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20 / 54

companies

during

the

period

1990-2003.

I

use

this

measure

as

a

rough

proxy

for

each

law

firm’s M&A experience. I also classify the fifteen law firms that have advised on the largest

number of deals as “highly experienced” M&A law firms.33

4.2. Data overview & summary statistics

Figure 1 shows the breakdown of the transactions in the sample based on the transaction

form used, the resulting negotiation between the controller and the target, and the outcome of the

negotiation.

[insert Figure 1 here]

At the highest level, Figure 1 shows that 70% of post-Siliconix freeze-outs are initially

pursued as mergers, and, conversely, only 30% of deals have taken advantage of the “get-out-of-

jail-free card” (Gilson & Gordon 2003) and “fire sale” (Pritchard 2004) that Siliconix seems to

provide. This split represents a substantial increase over the pre-Siliconix era: using the same

methodology I find that only 14 out of 242 freeze-outs (6%) were executed as tender offers

between January 1996 and June 2001.34 A Chow test for a break at a known date indicates that

this difference in tender offer incidence is statistically significant at 99% confidence (Chow

1960). While some practitioners trace the roots of the Siliconix decision back to the Delaware

Supreme Court’s decision in Solomon v. Pathe Communications in 1996 (e.g., Wolfe 2002;

33 In descending order, these law firms are (number of deals in parentheses): Skadden, Arps, Slate, Meagher & Flom (798), Sullivan & Cromwell (671), Simpson, Thacher & Bartlett (486), Dewey Ballantine (450), Morris, Nichols, Arsht & Tunnell (436), Wachtell, Lipton, Rosen & Katz (432), Shearman & Sterling (430), Richards, Layton & Finger (316), Cravath, Swaine & Moore (315), Fried Frank (311), Davis, Polk & Wardwell (276), Latham & Watkins (274), Gibson, Dunn & Crutcher (263), Cleary Gottleib (258), and Jones Day (239).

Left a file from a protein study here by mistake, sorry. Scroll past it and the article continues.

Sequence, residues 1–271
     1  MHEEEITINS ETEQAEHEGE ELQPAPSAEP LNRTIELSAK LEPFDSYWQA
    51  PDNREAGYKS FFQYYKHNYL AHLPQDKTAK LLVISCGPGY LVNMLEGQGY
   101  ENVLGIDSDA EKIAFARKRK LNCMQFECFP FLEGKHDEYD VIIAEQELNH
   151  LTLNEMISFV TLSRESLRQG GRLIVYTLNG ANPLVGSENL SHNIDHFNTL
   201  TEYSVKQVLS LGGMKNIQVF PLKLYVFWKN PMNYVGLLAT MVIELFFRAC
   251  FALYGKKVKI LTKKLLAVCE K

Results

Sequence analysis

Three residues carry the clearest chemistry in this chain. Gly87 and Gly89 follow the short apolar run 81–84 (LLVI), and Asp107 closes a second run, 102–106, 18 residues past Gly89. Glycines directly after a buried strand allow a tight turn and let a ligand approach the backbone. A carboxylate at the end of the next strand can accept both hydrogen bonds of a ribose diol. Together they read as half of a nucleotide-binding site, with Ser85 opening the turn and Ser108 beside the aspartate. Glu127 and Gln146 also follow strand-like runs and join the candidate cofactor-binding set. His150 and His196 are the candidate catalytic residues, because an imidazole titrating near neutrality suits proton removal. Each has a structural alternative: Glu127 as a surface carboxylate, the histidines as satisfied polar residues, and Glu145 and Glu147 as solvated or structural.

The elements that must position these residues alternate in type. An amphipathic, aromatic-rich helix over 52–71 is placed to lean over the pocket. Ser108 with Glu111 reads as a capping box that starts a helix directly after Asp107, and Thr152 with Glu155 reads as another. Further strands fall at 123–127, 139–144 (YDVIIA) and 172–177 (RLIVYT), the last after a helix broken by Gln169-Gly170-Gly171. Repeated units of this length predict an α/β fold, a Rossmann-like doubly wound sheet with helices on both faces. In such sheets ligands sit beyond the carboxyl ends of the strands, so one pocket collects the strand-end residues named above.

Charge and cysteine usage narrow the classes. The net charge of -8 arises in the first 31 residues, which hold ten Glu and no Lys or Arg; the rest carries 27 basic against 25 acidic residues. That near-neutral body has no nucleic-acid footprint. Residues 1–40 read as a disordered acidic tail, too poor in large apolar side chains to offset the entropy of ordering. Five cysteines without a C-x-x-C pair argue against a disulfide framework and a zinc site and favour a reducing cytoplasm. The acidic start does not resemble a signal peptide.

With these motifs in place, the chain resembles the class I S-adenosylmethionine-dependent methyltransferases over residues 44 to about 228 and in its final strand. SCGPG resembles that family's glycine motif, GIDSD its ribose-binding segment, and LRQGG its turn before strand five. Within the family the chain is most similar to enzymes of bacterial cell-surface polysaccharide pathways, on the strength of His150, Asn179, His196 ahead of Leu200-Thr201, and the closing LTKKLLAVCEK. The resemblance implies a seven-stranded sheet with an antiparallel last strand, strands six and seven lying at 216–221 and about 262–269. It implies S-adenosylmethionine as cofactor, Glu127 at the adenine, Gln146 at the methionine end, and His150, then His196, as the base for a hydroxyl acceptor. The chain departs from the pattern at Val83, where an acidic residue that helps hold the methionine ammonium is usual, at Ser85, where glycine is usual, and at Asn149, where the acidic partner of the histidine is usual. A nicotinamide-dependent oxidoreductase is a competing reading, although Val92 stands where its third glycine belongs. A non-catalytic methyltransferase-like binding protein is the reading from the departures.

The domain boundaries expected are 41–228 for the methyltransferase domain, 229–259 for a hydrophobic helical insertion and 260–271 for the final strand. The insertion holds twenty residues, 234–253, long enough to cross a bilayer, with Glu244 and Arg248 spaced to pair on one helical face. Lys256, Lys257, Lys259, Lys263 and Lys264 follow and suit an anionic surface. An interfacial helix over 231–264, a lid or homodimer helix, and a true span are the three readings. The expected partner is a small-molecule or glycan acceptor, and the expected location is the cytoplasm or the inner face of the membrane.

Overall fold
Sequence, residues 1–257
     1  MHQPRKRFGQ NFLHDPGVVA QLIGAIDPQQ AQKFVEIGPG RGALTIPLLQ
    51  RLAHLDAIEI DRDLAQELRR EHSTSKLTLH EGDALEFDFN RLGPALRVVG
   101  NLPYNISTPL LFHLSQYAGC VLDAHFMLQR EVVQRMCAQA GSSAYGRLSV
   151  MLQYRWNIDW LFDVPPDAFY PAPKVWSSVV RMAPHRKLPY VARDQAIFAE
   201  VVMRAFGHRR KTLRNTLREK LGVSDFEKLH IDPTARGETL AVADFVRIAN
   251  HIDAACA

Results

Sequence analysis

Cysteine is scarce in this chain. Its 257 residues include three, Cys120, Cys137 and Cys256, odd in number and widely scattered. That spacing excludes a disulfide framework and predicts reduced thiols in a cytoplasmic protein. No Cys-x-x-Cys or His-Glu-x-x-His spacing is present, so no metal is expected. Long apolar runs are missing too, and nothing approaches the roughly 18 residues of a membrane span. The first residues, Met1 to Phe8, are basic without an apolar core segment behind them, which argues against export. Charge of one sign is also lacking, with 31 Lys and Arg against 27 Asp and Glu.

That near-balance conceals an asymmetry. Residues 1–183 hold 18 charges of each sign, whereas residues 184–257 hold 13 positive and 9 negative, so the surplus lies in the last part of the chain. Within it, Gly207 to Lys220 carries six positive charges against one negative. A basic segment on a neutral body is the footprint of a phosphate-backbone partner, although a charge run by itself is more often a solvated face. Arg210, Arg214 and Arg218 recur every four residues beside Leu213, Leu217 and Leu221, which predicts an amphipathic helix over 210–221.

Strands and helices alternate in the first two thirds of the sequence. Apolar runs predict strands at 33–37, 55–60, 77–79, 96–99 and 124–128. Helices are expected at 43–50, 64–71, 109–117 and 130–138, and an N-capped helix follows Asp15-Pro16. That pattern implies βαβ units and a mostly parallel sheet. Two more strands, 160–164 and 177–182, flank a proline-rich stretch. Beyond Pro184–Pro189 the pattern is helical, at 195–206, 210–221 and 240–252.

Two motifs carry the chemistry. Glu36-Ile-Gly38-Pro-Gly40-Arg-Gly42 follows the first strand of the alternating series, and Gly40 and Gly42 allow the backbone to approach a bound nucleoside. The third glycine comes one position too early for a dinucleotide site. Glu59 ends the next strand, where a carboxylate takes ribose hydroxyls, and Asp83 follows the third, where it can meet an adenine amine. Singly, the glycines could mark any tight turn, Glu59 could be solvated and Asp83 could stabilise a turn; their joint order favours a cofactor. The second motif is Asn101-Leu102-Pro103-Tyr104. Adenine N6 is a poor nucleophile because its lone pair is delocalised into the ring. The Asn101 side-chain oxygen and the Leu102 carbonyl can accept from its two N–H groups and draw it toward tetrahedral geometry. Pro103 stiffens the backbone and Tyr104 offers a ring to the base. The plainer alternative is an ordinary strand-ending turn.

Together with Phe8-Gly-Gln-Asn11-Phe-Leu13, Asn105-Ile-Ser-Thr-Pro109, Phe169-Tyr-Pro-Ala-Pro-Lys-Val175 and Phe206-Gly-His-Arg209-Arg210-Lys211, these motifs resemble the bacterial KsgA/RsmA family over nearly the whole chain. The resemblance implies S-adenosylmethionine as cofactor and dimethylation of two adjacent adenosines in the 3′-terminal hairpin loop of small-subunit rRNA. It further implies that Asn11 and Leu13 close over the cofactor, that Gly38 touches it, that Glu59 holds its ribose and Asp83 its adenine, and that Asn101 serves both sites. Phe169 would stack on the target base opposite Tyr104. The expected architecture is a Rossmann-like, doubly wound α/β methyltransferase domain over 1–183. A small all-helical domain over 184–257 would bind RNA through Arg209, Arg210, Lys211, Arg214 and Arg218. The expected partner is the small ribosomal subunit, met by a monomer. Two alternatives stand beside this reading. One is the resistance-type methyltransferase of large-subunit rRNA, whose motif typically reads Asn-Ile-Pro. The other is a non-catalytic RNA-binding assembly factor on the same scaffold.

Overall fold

34 This calculation counts nine tender offer freeze-outs announced by ThermoElectron on a single day (January 31, 2000) as a single freeze-out. If these nine transactions are counted separately, the fraction of tender offer freeze-outs in the sixty-six months prior to Siliconix increases to 9% (22 out of 250), still substantially lower than the 28% rate

for tender offers in the thirty months after Siliconix.

Furthermore, I find no statistically significant differences in

outcomes between tender offer freeze-outs and merger freeze-outs before Siliconix. In fact, though statistically insignificant, I find that premiums were slightly higher in tender offer freeze-outs than in merger freeze-outs in this pre-Siliconix period.

18

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